-- Dancing with (a)symmetry (motion capture data from traditional and modern style dancers,  from ballet and Japanese traditional dance to disco dances)

-- Human brain asymmetries (quantitative evaluation of age, gender and pathological differences)

-- 3D and 4D Human faces (3D face with expression variations)

-- Tracking of near-regular patterns (Marching bands – PSU blue band videos, cardiac tagged MRI videos)

-- Urban scene analysis and synthesis (Google street view/Microsoft streetside)

-- Arts: Papercutting, quilting and paintings

-- Your own research data!





The course will be taught in the form of instructor lectures, guest lectures and student presentations.


Grading Policy

1. Written Homework            (30%)

2. Presentations/Discussions   (20%)

3. Term Project                              (50%)

TOTAL                                          100%





We will use a combination of state of the art research articles and a few books. Some of them are listed below. On-line versions of relevant chapters will be provided to the students.


Computational Symmetry in Computer Vision and Computer Graphics (pdf file page)
Yanxi Liu and Hagit Hel-Or and Craig S. Kaplan and Luc Van Gool
Foundations and Trends® in Computer Graphics and Vision 2010
Volume 5, Number 1-2, Pages 199




The Symmetries of Things by John H. Conway, Heidi Burgiel and Chaim Goodman-Strauss (May 2, 2008). A. K. Peters, Ltd. Wellesley, Massachusetts. Pages 426.



Symmetries of Culture: Theory and Practice of Plane Pattern Analysis. Dorothy K. Washburn, Donald W. Crowe 1991



Computational Symmetry Symmetry 2000, Portland Press, London, Vol. 80/1, January, 2002, pp. 231 - 245.



Description: Description:

On Growth and Form, D’Arcy Wentworth Thompson





SYLLABUS (tentative)



Week 1 (January 6)                M: An Introduction of Regularity and Symmetry around us.


            (January 10)                F: What is a symmetry mathematically? How many types of symmetry?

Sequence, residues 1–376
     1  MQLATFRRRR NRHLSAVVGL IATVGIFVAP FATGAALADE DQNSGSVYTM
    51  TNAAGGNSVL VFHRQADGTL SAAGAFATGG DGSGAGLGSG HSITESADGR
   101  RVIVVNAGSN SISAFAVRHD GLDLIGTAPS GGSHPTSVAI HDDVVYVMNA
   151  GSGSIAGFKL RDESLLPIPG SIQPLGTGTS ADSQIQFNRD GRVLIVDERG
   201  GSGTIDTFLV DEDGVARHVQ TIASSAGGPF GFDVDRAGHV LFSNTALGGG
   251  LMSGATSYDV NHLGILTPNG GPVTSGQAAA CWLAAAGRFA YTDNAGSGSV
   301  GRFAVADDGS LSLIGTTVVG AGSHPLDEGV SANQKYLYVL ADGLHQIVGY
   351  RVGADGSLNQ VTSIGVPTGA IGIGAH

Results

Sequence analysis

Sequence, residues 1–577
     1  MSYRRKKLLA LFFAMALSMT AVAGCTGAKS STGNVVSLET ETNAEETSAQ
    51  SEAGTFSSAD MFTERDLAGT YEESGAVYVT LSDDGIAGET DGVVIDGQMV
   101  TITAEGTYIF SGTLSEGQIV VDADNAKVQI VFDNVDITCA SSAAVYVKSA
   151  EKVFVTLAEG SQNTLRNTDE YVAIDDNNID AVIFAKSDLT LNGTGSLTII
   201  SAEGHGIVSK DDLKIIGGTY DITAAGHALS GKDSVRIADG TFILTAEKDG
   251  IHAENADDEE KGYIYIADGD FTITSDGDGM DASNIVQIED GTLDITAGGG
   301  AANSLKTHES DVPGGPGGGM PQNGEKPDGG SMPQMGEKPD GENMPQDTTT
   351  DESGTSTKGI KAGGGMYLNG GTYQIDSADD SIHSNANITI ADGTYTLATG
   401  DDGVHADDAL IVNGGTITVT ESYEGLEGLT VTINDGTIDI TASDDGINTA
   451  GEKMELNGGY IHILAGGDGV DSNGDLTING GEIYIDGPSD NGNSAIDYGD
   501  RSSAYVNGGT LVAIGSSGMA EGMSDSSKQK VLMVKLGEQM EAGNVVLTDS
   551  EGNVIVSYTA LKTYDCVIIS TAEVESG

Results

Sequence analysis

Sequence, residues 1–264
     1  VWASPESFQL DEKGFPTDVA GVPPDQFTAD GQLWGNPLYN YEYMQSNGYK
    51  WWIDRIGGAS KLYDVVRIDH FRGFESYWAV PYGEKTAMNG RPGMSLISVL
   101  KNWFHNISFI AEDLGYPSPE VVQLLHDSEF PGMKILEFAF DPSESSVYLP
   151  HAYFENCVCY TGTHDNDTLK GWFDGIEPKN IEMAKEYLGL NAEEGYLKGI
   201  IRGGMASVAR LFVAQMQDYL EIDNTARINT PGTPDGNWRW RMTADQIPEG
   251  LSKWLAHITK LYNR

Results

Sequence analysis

Where are they?  Present your examples (e.g. photos).


Week 2 (January 13) M: What is a symmetry group? Classic mathematical definitions.

                                                   Cyclic, Dihedral, Frieze groups. Your presentation on real world symmetries.


            (January 17)               F: Pattern sorting game


Week 3 (January 20) M: Martin Luther King, Jr., Day (holiday, no classes)


             (January 24)               F: Inner and inter-structures of Frieze and Wallpaper groups

                                              Modern (and a computational) representation of group theory

                                              (from Symmetries of Things)


Week 4 (January 27)             M: Human/animal/insect Perception of Symmetry


             (January 31)            F: What has been done in Computational Symmetry (Groups)?

                                                   What is the latest in computational symmetry? (Student Presentations)


Week 5 (February 3)             M: Symmetry as a continuous feature (via crowd sourcing)


             (February 7)              F:  Computational challenges and Sample Applications: Biomedical Data


Week 6 (February 10)           M: Student Term Project Proposal Presentations


                 (February 14)                F: Guest Lecture (TBA)


Week 7 (February 17)            M: An Introduction to Pattern Theory (Algebra meets Statistics)


                 (February 21)                F: Computational Symmetry in 3D and beyond


Week 8 (February 24)           M: Symmetry Groups in Spatiotemporal Data (from Crystals to Gait/Dance/Movement)


              (February 28)           F: Student Term Project Update Presentation


Week 9 (March 3)                 M: Texture Regularity: Analysis, Synthesis and Manipulation


              (March 7)                 F:  Regularity in saliency, segmentation (e.g. de-fencing),

                                                    matching and object recognition